He may be short in stature (he comes in at five-foot-1 or 3 depending on who you ask), but Mickey Rooney has never been short on confidence.
The actor who ranked No. 1 at the U.S. box-office from 1939-1941 has, in a nine decade career, starred in more than films opposite such leading ladies as Lana and Liz and, of course, Judy.
His shelves are filled with heaps of hosannas, including two Oscars, two Golden Globe and an Emmy Award. (He earned an Honorary Oscar for Lifetime Achievement and a special Juvenile Oscar shared with Deana Durbin in 1939.)
He married eight times, including not-so-wedded bliss to sex siren Ava Gardner. (We don’t even want to think about that one.)
He became born again in the ’70s, reportedly after an angel appeared to him in a coffee shop.
He comes across crass and brass (we chatted with him for Us years ago and found him surly and rude and arrogant and, well, you get the point).
But what do you expect from someone who made his career debut when he was at two weeks old.
At 17 months old, his talent surfaced, he says, “by accident.” While hiding underneath a shoeshine stand in a Chicago theater, he let out a sneeze while watching his father’s act. A spotlight “found” him; not knowing what to do, Rooney recalls that he “stood up and blew on” his tiny toy mouth organ that was hanging on a string around his neck. “The audience erupted with laughter.” A special-made tuxedo was made.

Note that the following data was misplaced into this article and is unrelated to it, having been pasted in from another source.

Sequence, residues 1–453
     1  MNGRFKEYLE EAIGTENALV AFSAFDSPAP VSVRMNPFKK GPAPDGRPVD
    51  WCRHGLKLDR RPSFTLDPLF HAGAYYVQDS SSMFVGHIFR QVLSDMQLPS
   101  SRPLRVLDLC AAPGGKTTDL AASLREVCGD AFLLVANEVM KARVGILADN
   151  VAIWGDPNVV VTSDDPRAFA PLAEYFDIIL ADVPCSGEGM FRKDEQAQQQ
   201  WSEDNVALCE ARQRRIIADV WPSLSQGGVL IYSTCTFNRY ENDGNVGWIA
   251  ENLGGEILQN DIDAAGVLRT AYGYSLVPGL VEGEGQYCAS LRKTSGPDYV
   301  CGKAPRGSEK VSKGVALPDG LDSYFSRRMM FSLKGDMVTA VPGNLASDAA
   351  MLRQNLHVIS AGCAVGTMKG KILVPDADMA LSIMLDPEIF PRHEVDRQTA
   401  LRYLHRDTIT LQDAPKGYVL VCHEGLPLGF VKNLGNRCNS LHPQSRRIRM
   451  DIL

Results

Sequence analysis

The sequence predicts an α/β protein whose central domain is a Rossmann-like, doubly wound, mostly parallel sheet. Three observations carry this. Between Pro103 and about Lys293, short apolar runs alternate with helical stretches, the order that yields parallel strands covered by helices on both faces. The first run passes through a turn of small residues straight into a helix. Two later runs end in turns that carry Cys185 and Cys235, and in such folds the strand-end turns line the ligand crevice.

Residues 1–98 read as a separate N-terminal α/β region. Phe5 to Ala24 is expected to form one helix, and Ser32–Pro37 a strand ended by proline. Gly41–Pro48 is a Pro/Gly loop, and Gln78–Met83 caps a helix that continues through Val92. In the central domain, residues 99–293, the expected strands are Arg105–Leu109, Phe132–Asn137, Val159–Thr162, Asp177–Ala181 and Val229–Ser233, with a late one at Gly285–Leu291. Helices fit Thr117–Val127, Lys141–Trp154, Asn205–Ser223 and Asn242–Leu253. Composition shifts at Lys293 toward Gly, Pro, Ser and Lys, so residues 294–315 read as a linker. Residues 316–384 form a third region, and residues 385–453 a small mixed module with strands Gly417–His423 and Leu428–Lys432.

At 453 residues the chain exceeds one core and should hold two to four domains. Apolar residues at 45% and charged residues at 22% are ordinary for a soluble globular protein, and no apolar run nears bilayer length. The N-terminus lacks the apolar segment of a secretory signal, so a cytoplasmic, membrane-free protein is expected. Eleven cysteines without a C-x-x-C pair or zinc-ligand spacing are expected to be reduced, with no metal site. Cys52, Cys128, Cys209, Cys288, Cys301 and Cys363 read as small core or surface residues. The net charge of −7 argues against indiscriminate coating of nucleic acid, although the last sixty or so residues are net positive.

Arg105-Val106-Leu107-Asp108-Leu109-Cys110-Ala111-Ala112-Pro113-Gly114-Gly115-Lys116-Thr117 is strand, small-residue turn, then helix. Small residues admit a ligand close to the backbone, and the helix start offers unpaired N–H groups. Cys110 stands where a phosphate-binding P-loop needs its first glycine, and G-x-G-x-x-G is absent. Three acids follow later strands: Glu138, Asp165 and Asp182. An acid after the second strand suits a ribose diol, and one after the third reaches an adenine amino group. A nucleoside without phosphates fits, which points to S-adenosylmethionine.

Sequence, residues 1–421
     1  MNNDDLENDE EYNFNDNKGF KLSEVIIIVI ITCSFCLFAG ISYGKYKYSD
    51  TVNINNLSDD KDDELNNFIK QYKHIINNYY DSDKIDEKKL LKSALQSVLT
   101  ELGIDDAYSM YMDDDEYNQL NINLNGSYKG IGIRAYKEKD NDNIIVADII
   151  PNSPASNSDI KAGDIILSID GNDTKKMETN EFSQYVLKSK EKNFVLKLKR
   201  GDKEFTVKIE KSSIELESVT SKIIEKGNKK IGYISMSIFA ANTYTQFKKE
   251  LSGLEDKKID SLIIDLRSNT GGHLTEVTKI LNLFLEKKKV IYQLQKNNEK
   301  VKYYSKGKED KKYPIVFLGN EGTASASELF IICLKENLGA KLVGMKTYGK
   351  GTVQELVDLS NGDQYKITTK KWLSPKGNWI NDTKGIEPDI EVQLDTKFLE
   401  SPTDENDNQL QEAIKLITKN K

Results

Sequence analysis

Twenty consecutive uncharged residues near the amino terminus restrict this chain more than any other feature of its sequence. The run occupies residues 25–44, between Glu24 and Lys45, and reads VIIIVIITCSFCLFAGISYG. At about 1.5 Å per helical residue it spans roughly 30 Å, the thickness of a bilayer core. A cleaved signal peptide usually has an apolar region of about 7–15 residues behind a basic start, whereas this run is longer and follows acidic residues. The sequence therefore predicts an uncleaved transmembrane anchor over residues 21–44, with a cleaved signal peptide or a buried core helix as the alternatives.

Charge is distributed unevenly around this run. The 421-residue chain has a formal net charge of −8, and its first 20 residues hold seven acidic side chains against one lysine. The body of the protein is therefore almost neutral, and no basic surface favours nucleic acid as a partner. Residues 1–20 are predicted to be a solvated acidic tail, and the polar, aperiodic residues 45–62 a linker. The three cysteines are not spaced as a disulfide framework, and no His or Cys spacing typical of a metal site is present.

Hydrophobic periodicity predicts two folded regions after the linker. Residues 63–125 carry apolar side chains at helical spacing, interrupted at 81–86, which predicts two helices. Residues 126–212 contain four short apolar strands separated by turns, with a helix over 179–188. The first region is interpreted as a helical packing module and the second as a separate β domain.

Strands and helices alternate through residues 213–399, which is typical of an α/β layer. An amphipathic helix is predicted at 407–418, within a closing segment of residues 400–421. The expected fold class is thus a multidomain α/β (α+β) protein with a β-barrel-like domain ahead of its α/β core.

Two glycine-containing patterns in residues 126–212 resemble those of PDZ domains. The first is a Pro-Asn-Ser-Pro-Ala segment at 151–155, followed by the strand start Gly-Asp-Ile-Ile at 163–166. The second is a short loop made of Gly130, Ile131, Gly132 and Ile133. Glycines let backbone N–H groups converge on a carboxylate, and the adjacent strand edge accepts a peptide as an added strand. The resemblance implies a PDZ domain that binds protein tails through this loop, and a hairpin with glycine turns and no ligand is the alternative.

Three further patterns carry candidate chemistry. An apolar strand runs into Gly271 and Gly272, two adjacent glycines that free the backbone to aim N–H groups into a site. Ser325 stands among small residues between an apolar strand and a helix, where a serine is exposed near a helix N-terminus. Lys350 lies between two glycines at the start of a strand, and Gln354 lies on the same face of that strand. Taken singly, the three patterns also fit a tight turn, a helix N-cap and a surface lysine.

And a star was born.
In Hollywood, he quickly became the child star as the lead in dozens of films as comic strip character Mickey McGuire. (He played a cigar-smoking midget con man in 1926.) Signed to MGM’s legendary stable of contract stars in 1934, the spirited and charismatic Rooney appeared in 15 Andy Hardy films, the role that most defines his prolific and iconic career.
How the hell had he done it?
Mickey insists “That’s the way I have always lived, for the laughs—today. N-O-W. No Other Way.”
More answers can be found in Mickey Rooney: The Long & Short of it, a six-disc collector’s set from Infinity Entertainment Group. The set is part of their “Legends of laughter” series, and though these flicks are in public domain, they are still keepers. The set is crammed with 14 classic films (1932-76); three Mickey McGuire film shorts (1929-43); television shows and appearances (1954-57); and movie trailers charting his career (1934-86).
Film fans will go nuts over the rare footage . . . and the appearances by zillions of Rooney’s famous friends, such as Vincent Price, Richard Burton, Phyllis Diller, Zsa Zsa Gabor, Edward G. Robinson, Peter Lorre, Billy Barty, Hattie McDaniel, Robert Preston, Robert Stack, Dick Martin, Rose Marie, Sam Jaffe and John Candy.
Sorry, no Ava.
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